The visionary director behind Gravity Cat and Snow Beauty on exploring time, finding beauty in decay and doing ‘emotional maths’
In an age of disposable churn, director Show Yanagisawa stands out as a craftsman who won’t cut corners and compromise his creative vision. Gravity Cat, the spot for PS4 game Gravity Rush 2, is a case in point. Show decided to mimic the effect of shifting gravity by building an entire set that rotated around a horizontal axis, like a gigantic tombola drum. But his careful, clever approach isn’t about constructing immutable edifices – Show’s work is inherently dynamic, an exploration of time and transience. Just think of his one-shot study of wilting flowers, Decay, or his whimsical love story about two lovers trapped in time, Snow Beauty.
LBB’s Laura Swinton caught up with Show to pick his brilliant brains as he joins forces with Blink for UK and European representation.
LBB> As I understand it, you were a graffiti artist and painter before moving into film… When did you start experimenting with moving image?
SY> When I was in college, my friends and I filmed ourselves drawing for an entire week and made this footage into a short film.
This project was just for fun but I really enjoyed it and this sparked my interest in working with moving images.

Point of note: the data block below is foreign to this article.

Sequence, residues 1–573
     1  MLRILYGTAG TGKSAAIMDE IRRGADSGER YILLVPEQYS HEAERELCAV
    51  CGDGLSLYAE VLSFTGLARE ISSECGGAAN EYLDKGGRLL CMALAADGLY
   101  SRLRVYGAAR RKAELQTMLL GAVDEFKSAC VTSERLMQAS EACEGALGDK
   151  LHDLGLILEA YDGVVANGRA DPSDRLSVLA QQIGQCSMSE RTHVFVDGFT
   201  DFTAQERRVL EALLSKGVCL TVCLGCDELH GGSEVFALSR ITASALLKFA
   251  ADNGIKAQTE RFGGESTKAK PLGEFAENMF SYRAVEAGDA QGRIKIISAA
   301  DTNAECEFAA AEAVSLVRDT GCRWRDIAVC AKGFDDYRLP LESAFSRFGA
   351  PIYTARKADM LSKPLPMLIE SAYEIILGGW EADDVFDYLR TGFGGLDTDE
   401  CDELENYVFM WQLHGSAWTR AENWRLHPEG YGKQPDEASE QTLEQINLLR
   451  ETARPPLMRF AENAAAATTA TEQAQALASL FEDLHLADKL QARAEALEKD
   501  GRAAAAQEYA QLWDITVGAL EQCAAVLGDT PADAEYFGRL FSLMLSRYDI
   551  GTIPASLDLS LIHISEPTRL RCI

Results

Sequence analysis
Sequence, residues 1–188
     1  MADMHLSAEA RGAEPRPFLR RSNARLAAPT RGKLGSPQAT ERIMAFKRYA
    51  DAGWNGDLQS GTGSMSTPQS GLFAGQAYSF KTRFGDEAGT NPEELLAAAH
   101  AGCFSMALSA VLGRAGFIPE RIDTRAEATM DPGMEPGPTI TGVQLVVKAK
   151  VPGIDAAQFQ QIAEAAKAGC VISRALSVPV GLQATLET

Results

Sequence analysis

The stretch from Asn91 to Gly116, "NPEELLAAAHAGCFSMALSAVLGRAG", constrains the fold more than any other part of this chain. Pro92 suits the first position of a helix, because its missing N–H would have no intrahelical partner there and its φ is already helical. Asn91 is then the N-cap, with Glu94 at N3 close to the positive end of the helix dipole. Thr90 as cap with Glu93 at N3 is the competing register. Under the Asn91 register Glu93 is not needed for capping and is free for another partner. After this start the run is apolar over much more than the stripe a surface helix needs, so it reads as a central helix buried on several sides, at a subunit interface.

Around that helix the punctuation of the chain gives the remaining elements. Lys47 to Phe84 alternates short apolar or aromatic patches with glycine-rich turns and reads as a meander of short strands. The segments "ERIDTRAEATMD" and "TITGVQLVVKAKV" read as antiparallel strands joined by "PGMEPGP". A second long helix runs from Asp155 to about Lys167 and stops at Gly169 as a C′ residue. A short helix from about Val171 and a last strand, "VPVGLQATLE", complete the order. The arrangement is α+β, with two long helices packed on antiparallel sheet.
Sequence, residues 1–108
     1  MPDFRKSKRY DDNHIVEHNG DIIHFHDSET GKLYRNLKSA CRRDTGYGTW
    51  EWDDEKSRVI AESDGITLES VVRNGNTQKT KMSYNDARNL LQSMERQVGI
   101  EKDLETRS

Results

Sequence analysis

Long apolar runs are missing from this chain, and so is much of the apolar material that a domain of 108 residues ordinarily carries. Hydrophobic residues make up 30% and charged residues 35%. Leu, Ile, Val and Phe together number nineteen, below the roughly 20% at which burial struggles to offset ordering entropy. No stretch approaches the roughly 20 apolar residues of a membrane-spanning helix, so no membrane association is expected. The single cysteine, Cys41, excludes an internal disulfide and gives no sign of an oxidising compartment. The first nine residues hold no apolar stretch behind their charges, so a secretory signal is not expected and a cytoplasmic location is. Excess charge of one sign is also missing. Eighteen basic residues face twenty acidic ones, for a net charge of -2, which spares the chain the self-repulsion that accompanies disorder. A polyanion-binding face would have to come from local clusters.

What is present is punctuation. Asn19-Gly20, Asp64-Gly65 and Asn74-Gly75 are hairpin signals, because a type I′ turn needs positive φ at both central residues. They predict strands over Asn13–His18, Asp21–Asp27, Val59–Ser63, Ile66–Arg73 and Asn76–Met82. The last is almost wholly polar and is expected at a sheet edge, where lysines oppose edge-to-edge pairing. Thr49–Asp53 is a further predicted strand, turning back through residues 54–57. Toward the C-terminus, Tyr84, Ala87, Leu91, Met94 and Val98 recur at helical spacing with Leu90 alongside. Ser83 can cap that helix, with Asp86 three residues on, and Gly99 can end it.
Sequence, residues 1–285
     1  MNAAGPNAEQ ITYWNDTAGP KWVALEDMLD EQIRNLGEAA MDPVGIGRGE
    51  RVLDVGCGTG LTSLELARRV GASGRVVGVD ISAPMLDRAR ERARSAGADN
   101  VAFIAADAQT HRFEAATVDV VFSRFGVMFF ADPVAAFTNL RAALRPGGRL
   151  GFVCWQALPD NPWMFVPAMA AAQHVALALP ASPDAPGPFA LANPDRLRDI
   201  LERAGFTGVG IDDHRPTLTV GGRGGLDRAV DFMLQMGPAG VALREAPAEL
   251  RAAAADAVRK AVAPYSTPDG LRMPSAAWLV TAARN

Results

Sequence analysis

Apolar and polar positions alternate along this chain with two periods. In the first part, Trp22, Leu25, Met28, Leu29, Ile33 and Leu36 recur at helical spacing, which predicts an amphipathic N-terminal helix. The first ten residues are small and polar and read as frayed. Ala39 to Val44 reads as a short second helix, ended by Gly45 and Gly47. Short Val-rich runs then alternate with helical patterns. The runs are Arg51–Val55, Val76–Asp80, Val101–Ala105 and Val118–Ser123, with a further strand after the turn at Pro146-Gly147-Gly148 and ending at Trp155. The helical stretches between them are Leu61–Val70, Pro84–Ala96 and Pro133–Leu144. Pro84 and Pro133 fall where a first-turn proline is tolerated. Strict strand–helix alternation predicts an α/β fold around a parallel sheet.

LBB> And what does film allow you to express creatively that still imagery doesn’t?
SY> Film allows me to express a sense of change and time that still imagery doesn't. That is why often the themes in my work are about change and time, for example, Shiseido High School Girls or Decay. Saying that, I think a sophisticated painting can be a beautiful expression of creativity.
LBB> Do you still paint? If so, what sort of thing do you do?
SY> I’m not painting right now. While I have the energy, I want to work on films and large group projects. I’ll start painting again when I’m around 70 years old! I really enjoy the sensational feeling of controlling the blank canvas in front of me. But at the moment I want to concentrate on making films.
LBB> Whereas painting can be a fairly solitary pursuit, directing involves a lot of collaboration. How do you like to work with crews and cast to get the best from them?
SY> That’s a very difficult question. I think about it all the time. But one thing I can say is that I always trust my vision, and I share that vision with the team around me.
LBB> The production design in all of your projects is exquisite and the attention to detail is incredible – what is your process when it comes to developing the look and visual details?
SY> After understanding the core of the idea, I add things from pure instinct and it can feel random at first. But as I gather these random things, it always synchronises itself and it surprises me. I always ask myself, ‘do I love each frame’ as I believe that is very important. And funnily enough, looking through my recent projects, I’ve noticed that I love the colour light blue!
LBB> When it comes to commercial projects, how do you decide which ones that you would like to work on?
SY> I ask myself:
Can it portray humanity with new visuals?
Can it portray humanity with new technology?
LBB> Gravity Cat is so much fun – and I’ve seen the crazy rig you created! Why did you decide to create the gravity shifting effect in-camera?